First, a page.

Photo: Members of the United States Marine Corps from Marine Rotational Force-Darwin 2017, make their way to an awaiting aircraft at RAAF Base Darwin, Air Movements Section as they depart Darwin for the final time.: Photographer LSIS James Whittle

The 2017 Marine Rotational Force-Darwin (MRF-D) has begun its departure from Darwin, bringing to an end the sixth rotation of US Marines through Northern Australia under the United States Force Posture Initiatives (USFPI).

This year’s force rotation was the most advanced contingent to date, involving 1250 US Marines and an Aviation Combat Element (ACE) consisting of 13 aircraft.

Deputy Commander of Northern Command Captain Bryan Parker said the ACE included four MV-22 Ospreys tilt-rotor aircraft for the first time, in addition to five AH-1W Super Cobra helicopters, four UH-1Y Venom helicopters and a range of other equipment.

“This year’s rotation was a significant milestone for the USFPI programme, and the advanced MRF-D 17 Marine Air Ground Task Force was a clear demonstration of the ongoing commitment Australia and the US have to achieving the objectives of the Force Posture Initiatives,” Captain Parker said.

“Throughout this rotation, we saw increased capability and flexibility of the MRF-D and the Australian Defence Force (ADF) to operate together on broad range of combined exercises and training activities.”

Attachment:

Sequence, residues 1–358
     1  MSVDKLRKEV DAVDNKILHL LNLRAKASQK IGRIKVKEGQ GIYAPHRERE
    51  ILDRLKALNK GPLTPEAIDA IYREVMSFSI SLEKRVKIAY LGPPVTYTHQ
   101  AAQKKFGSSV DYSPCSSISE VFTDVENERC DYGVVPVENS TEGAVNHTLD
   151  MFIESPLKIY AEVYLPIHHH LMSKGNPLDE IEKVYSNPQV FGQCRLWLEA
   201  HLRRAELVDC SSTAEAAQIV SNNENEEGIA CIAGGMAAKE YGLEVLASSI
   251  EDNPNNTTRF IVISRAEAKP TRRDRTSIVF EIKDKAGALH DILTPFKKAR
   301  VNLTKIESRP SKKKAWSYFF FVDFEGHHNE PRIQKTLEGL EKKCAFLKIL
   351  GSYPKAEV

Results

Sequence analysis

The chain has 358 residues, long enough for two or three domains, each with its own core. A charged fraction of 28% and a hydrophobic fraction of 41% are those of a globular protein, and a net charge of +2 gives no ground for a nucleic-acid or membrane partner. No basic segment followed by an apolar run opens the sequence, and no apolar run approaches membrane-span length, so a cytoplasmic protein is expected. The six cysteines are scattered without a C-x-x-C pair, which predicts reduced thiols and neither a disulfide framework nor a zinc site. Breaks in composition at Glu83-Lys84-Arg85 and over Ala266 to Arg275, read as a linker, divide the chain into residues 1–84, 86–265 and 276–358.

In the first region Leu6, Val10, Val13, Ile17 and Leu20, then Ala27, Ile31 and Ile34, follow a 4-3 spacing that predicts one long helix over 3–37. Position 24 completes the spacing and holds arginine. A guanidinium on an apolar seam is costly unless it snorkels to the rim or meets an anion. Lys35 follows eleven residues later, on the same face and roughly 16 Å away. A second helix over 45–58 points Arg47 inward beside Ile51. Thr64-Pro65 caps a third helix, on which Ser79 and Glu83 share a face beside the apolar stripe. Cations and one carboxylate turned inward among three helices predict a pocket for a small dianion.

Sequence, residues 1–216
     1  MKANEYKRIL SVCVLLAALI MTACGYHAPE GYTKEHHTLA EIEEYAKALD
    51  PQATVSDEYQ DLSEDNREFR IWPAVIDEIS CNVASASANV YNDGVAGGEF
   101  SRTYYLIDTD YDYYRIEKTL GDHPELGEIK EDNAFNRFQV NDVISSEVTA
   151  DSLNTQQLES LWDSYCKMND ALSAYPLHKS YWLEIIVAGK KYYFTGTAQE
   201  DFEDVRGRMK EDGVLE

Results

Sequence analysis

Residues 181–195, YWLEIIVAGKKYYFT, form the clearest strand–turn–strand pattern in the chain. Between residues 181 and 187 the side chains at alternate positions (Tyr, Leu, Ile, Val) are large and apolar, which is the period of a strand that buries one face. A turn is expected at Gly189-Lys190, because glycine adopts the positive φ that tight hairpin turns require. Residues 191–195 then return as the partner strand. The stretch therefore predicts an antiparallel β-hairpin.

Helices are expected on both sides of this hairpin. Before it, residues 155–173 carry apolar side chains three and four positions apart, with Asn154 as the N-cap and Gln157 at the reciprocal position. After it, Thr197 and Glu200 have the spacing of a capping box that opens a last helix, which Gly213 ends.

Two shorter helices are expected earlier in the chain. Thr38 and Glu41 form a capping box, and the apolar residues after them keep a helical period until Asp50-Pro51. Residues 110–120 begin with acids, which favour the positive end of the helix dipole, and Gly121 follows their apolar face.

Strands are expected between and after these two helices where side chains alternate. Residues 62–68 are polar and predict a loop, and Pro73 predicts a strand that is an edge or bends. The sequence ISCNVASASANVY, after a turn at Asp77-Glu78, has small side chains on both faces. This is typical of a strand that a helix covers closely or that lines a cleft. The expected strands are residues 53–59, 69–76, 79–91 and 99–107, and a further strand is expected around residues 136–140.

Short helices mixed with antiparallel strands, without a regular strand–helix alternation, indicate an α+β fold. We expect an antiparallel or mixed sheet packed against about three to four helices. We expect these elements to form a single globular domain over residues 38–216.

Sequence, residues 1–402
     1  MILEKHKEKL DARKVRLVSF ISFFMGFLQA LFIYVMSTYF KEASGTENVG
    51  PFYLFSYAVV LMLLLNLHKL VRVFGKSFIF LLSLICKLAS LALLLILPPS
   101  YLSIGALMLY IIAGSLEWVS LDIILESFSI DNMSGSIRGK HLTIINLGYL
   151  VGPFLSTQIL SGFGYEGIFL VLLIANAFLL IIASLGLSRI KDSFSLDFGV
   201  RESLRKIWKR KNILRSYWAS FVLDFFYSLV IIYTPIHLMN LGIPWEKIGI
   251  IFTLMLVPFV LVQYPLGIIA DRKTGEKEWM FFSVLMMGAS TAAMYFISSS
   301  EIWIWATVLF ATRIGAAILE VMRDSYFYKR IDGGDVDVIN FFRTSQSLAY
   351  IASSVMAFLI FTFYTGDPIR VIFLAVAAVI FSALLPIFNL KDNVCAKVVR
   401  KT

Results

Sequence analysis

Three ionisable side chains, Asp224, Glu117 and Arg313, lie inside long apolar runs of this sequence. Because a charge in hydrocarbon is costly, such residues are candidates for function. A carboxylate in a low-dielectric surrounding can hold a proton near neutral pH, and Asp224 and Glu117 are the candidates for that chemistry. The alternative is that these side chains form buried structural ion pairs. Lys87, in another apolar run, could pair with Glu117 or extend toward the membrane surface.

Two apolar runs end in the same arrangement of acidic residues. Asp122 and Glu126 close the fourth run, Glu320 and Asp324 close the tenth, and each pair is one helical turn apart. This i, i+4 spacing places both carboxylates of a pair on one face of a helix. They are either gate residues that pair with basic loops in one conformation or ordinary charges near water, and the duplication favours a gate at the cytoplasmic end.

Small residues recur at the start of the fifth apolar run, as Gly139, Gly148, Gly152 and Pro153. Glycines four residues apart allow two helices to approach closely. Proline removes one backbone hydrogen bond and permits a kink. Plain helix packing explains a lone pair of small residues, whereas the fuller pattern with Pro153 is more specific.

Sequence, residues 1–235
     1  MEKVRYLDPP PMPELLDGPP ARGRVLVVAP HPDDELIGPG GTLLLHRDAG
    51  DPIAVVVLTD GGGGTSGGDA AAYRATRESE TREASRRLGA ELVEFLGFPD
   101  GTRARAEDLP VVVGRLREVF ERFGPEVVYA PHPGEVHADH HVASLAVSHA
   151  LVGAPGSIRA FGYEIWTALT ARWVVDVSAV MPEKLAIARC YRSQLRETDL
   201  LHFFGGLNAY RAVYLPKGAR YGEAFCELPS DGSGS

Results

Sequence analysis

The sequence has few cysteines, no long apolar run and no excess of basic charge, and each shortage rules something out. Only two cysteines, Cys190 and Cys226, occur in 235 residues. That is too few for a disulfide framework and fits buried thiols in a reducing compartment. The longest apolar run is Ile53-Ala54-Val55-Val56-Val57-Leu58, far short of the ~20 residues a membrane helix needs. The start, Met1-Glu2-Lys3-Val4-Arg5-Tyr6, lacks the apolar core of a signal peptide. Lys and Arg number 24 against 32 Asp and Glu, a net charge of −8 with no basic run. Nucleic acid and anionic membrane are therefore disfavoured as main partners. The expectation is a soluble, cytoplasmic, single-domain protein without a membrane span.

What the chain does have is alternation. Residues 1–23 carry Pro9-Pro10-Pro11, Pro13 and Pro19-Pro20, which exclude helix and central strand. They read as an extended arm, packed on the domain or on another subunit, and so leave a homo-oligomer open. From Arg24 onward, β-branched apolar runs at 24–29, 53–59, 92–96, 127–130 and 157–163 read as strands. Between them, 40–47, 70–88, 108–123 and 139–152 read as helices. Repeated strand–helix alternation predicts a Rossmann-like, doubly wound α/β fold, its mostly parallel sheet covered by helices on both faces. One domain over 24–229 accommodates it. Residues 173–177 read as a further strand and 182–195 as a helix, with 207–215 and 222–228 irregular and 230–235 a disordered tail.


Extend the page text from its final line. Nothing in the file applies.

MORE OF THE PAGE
During the six-month rotation, the MRF-D conducted approximately 12 joint exercises and activities with the ADF, including Exercises Talisman Sabre, Kowari, Diamond Storm, Southern Frontier, Crocodile Strike, Southern Jackaroo and Koolendong.

These exercises provided an opportunity for US Marines and the ADF to interact with a range of countries, including China, Indonesia, Japan, New Zealand, Malaysia, the Philippines, Singapore, Thailand and Vietnam.

For the first time, Australia and the US exercised as a combined force how they would deploy Humanitarian Assistance/Disaster Relief assistance on land and sea to a remote location.

This exercise reinforced the clear benefits of a joint Australian-US approach to natural disaster events.

“Australia’s alliance with the United States is our most important defence relationship and remains central to Australia’s security,” Captain Parker said.

“The presence of the United States Marines across the Northern Territory plays a vital role in underwriting security and stability across the Indo-Pacific, and the Force Posture Initiatives are an essential component in preserving stability and security over the coming decades.

“We look forward to next year’s MRF-D rotation and expect to continue to enhance our interoperability and collective capabilities.”

The 2017 MRF-D is an extension of Australia’s existing defence relationship with the US that provides the opportunities to enhance practical military cooperation and interoperability and contributes to strengthening security in Australia and throughout the Indo-Pacific region.